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I wish to prove that for $n,k\in\mathbb{N} > 1$, we can always write $n^k$ as a sum of $n$ odd positive integers.

I have an idea of how to approach this, but my method seems to cumbersome. I am tempted to say that this sum can be achieved by peeling the $k$-dimensional cube of side length $n$, for example: $$n^2 = \sum_{i=1}^{n}2i-1$$ by taking the layers of the $n\times n$ square and $$n^3 = \sum_{i=1}^{n}3i^3 - 3i + 1$$ by taking the layers of the $n\times n\times n$ cube, but that seems overkill and it is tedious to do in the general case.

Does anyone have a more elegant proof for this statement?

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Seems too easy. If $n$ is even, use $n-1$ $1$'s and then a single $n^k-(n-1)$, also odd. Not elegant, for sure. We would want to put additional constraints to make the problem interesting. –  André Nicolas Dec 8 '11 at 6:09
    
@André That totally escaped my mind. If you post that as an answer, I would be happy to accept it. Have any suggestions on what additional constraints to apply? –  EuYu Dec 8 '11 at 6:11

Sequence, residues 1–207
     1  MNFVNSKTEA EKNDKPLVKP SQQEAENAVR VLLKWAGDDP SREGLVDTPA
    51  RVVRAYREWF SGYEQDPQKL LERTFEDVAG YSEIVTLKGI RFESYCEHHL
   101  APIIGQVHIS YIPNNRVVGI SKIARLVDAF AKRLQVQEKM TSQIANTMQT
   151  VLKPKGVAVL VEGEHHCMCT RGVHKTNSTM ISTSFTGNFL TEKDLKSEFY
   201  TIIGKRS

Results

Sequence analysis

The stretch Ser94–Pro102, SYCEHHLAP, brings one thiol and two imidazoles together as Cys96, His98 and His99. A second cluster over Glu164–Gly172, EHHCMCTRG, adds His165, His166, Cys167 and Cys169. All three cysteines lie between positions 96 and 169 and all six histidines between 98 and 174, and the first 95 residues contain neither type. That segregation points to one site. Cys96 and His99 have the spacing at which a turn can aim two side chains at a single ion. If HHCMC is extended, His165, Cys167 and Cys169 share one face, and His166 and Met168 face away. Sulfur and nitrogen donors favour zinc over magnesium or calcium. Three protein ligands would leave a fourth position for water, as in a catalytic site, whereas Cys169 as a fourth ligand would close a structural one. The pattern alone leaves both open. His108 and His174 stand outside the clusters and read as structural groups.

2 Answers 2

up vote 3 down vote accepted

Edit: The first part answers the question originally posted. At the end, there is an added comment that answers the altered question, with the added feature that the numbers form an arithmetic progression.

You took care of $n$ odd. If $n$ is even, use $n-1$ copies of $1$ and a single $n^k-(n-1)$. (Since $n$ is even, $n^k-(n-1)$ is odd.)

Or else, for $k>1$, to imitate your example for $n$ odd more closely, use $n/2$ copies of $n^{k-1}+1$, and $n/2$ copies of $n^{k-1}-1$. (For $k=1$ we are stuck with using $n$ copies of $1$.)

For sure neither solution is elegant, but they work. We would want to add some constraints to make the problem interesting.

Added comment: For $n$ odd, we can use $n^{k-1}$, $n^{k-1}\pm 2$, $n^{k-1}\pm 4$, and so on up to $n^{k-1}\pm (n-1)$. So our numbers are not only distinct, they form an arithmetic progression.

For $n$ even, we can use the same idea, with $n^{k-1}\pm 1$, $n^{k-1}\pm 3$, and so on up to $n^{k-1} \pm (n-1)$. Again, our numbers are in arithmetic progression.

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I decided to pose the additional constraint of making the numbers distinct. Nevertheless thank you for the prompt response. –  EuYu Dec 8 '11 at 6:22
    
Good enough for me. Thank you for the patience with this problem. –  EuYu Dec 8 '11 at 6:51

Note that the sum of the first $n$ odd positive integers is $n^2$. By adding a certain number of 2's to the largest of these, you can get any larger integer congruent to this mod 2.

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